Every so often I have the pleasure of sharing with you a client’s story. (See the tag on the side of my blog: Client Spotlights). Eating disorder recovery is a long and scary road. Seeing the successes (both small and big), is a vital part of holding out hope and belief in a better life. So thank you Jess for sharing what you’ve learned along your path. Your willingness to share your journey is inspiring. And no one should go it alone. If you are interested in reading Jess’ full story, check out her pro-recovery blog.
One year ago I entered recovery for my eating disorder, and it has been quite the year with many ups and downs. At the end of it, however, I am so grateful for every moment. I have learned and grown more than I ever thought possible.
Since a year ago, so much has changed in my life for the better. My eating habits are not the only aspect of my life that has changed- my entire outlook is more positive and I am a happier and healthier person overall. Recovery is about so much more than learning to eat normally- it is about learning to truly live and embrace life. It is about discovering one’s personal, healthy identity beyond an illness that takes on a life of its own. It is about learning to believe that “I am enough and I am beautiful just the way I am”.
My biggest accomplishment in recovery thus far is not being in denial about my illness and at the same time recognizing that it does not define me. In the past year I have discovered who I am separate from my eating disorder, and I like who I am. As I have learned to stop restricting food, I have learned to stop restricting other aspects of life as well. For example, I no longer restrict friendships, fun, or emotions. I know how to let myself feel my emotions without letting them overwhelm me, I have incredibly rewarding relationships with my friends and family, and I have learned to relax and embrace spontaneity in a way that I never thought possible.
We all know that recovery is not all about the food and the body, but in terms of the food and the body, I have made significant strides. After one year of recovery:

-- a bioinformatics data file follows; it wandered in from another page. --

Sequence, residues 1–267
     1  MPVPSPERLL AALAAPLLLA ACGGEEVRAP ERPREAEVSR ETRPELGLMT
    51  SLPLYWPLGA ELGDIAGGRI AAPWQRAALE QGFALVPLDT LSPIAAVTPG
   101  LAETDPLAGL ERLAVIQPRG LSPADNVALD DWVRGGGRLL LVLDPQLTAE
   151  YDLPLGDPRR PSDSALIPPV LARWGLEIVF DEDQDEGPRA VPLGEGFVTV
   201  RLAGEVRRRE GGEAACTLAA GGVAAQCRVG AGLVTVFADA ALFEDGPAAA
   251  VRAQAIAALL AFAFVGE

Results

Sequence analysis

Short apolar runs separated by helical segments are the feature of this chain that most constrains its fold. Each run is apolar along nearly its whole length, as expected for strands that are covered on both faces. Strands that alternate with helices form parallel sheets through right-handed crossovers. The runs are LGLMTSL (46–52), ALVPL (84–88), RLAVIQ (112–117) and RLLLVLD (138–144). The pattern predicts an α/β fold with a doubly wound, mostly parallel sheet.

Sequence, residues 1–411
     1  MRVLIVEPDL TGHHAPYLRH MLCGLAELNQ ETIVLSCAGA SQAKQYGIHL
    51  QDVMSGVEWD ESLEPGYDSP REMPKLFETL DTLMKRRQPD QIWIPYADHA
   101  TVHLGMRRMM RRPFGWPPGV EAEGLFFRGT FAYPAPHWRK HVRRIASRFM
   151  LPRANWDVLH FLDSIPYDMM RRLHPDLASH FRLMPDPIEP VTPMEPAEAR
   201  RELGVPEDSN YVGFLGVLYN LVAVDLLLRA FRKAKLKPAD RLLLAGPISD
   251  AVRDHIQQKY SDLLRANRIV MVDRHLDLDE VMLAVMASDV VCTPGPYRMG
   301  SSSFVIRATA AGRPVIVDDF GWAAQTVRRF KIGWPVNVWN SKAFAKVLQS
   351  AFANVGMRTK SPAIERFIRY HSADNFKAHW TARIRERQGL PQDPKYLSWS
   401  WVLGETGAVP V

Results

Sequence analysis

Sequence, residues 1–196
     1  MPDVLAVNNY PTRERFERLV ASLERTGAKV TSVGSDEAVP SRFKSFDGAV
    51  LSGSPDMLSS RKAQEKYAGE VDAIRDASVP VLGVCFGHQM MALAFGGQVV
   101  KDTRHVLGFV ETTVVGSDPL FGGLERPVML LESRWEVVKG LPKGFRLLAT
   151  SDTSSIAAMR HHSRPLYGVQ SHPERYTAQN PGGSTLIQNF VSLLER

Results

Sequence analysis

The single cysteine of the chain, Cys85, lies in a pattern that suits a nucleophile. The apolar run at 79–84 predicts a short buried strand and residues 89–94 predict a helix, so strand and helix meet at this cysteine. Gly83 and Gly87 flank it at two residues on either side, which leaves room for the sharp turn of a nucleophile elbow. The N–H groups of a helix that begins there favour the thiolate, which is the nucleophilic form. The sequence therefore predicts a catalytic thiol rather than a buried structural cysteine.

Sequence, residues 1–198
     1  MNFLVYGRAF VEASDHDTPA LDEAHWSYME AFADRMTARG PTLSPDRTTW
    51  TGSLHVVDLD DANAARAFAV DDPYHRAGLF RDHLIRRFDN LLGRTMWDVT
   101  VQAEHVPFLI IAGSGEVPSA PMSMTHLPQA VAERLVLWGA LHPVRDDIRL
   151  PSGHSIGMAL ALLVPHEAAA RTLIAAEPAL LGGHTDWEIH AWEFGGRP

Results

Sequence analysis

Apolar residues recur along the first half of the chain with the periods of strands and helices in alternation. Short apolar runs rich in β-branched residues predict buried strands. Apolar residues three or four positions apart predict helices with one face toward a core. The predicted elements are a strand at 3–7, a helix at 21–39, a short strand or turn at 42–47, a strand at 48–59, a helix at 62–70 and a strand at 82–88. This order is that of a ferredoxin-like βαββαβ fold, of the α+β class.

* I have the desire and capability to follow a meal plan.
* I am no longer Anemic or otherwise deficient in vitamins and minerals.
* I do not count calories.
* I do not over-exercise.
* I can find clothes that I feel confident in.
* Many former fear foods are foods that I love and eat guilt-free.
* I have discovered new types of food that I love.
* I am able to recognize hunger and tolerate fullness.
* I don’t weigh myself.
* I get my period every month.
* I am able to recognize that fat is not a feeling.
* I know my triggers and how to combat them.
* I love dining out at restaurants.
I did not accomplish all of the above on my own. I have been very fortunate to have the support of an amazing treatment team. It took me awhile to find a team that I am comfortable with, but the trial-and-error with various clinicians was worth it. Also, DBT has helped me a lot. I no longer feel powerless to recover, because now I have the tools necessary to kick some serious ED butt anytime, anywhere!
Although I consider recovery a gift, it has not been sunshine and rainbows the whole time. I had countless days of ambivalence where I questioned, “Is recovery truly worth it? Because this is so much more painful than my eating disorder ever was!” Recovery has not been easy, but I have found that nothing worth fighting for is ever easy. In the beginning it is incredibly painful to give up eating disorder behaviors, but slowly, over time, it gets easier.
Today, I can say today with complete sincerity that the benefits of recovery are worth the struggle. I have my ups and downs, as is a natural part of the recovery process, but I know that someday I will be fully recovered. There is no way I am going to let some life-sucking illness take control of my life ever again, because I deserve to grow, thrive, and enjoy life to its fullest. I can fully recover with hard work and perseverance, and so can you!